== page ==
Corbett, Seamus (2014) The Consequences of Professionalism on the GAA. Masters thesis, Dublin, National College of Ireland.
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Founded in 1884, the GAA is the biggest sports body in Ireland. The organisation’s amateur status has been one of the pillars on which it has flourished, but in recent times professionalism has crept in, partly in response to the rapidly changing environment.
The paper investigates the effects of the gradual introduction of professionalism in the GAA. By examining amateurism, professionalism and the drivers of change in sport, the research assesses if the GAA can afford some element of professionalism? The research looks at the introduction of professionalism in other sports such as boxing, rugby and even the Olympics to see what might happen in the GAA.
The researcher adopts a case study method to interview knowledgeable people involved in the GAA and other sports people on account of their positions, experience, and individual viewpoint. A purposeful sample is used to select key cases.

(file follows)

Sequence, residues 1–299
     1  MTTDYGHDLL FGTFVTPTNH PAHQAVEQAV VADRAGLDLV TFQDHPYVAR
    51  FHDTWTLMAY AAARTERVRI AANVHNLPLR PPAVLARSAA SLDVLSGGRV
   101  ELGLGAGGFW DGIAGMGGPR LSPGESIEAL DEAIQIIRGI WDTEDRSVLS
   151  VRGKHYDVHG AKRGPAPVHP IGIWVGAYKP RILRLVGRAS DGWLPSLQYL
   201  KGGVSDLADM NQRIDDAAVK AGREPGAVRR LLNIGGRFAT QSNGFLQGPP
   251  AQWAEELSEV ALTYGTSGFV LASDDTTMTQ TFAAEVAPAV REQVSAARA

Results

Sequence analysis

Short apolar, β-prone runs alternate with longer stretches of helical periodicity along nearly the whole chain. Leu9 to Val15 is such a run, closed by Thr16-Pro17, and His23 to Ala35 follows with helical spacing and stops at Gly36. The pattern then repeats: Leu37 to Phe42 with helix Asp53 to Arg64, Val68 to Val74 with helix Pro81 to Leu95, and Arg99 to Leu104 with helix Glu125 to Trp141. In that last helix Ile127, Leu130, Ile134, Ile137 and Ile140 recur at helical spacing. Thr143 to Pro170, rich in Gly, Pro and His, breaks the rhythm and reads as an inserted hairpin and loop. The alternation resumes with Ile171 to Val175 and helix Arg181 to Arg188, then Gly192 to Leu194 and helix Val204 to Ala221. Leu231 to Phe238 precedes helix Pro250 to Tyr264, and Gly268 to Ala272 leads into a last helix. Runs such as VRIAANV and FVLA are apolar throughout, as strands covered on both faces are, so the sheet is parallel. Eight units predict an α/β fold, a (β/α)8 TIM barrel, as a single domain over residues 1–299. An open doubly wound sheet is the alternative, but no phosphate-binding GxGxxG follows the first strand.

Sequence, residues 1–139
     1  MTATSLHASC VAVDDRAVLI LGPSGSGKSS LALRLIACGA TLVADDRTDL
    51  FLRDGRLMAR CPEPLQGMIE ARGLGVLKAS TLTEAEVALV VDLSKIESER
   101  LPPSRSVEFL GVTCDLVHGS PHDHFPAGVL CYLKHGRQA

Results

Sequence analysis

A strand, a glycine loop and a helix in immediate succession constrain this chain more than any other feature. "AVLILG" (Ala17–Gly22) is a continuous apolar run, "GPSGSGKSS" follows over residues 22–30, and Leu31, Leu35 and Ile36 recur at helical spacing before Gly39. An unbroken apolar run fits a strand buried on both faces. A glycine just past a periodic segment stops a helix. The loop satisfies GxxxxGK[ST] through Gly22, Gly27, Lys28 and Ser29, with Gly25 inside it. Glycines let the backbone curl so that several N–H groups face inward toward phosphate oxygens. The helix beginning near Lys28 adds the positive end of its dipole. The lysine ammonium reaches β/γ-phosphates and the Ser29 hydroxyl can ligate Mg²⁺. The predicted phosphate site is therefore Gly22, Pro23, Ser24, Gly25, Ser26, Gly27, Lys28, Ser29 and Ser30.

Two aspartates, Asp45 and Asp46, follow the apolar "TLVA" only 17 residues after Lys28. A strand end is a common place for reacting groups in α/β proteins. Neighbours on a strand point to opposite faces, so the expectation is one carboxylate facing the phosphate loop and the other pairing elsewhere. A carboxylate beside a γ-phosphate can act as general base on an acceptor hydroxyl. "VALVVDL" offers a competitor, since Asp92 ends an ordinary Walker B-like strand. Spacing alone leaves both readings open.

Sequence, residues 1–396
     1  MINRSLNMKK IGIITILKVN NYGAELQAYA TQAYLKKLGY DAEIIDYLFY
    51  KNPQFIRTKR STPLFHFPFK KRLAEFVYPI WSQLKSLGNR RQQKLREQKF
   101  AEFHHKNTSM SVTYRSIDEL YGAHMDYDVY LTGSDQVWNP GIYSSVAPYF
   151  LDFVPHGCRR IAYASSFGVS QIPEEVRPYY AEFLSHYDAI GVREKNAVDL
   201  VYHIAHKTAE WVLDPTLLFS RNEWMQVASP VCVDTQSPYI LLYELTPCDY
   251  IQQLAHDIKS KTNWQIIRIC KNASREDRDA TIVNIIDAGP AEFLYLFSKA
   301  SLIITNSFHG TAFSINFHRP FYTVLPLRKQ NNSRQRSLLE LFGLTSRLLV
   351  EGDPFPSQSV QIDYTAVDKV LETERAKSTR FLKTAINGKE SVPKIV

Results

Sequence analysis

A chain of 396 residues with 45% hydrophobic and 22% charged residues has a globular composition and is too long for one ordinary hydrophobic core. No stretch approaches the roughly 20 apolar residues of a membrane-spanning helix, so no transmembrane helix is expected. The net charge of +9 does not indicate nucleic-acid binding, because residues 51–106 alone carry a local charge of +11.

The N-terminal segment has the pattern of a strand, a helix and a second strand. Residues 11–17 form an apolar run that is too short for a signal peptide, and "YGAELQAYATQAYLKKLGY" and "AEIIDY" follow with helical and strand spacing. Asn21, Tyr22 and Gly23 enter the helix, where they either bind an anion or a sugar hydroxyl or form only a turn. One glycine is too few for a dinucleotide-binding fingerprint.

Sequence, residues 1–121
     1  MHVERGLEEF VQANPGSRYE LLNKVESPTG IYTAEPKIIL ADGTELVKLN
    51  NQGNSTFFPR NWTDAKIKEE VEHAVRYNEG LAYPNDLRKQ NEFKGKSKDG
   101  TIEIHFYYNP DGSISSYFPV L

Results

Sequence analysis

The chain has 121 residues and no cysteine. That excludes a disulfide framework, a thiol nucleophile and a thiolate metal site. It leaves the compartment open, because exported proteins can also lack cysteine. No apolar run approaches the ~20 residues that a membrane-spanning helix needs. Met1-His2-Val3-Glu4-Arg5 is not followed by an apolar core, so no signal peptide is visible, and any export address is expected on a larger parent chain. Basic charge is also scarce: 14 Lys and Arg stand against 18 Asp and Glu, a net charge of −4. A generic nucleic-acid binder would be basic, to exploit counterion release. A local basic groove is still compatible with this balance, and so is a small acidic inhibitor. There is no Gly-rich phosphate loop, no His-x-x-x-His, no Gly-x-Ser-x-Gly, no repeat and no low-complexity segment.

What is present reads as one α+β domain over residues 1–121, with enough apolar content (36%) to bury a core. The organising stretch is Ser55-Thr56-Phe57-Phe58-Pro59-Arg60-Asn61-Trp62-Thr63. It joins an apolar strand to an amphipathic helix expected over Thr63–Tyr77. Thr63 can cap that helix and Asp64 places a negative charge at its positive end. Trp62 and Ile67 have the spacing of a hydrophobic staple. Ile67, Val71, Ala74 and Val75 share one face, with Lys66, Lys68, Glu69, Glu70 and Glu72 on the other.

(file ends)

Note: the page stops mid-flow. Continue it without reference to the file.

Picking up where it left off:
The findings of the study reveal that professionalism is being driven by the commercial and administrative demands of the GAA. These demands are changing the game in positive and negative ways but on balance professionalism has reached saturation point and no further professional influence is required. The bond between the GAA and the community is important and need not be eroded any further. This bond is the life blood of the GAA and what keeps its vast family together.
|Item Type:||Thesis (Masters)|
|Subjects:||G Geography. Anthropology. Recreation > GV Recreation Leisure > Sports|
|Divisions:||School of Business > Master of Business Administration|
|Depositing User:||Claire Wallnutt|
|Date Deposited:||21 Nov 2014 19:07|
|Last Modified:||24 Nov 2014 12:14|
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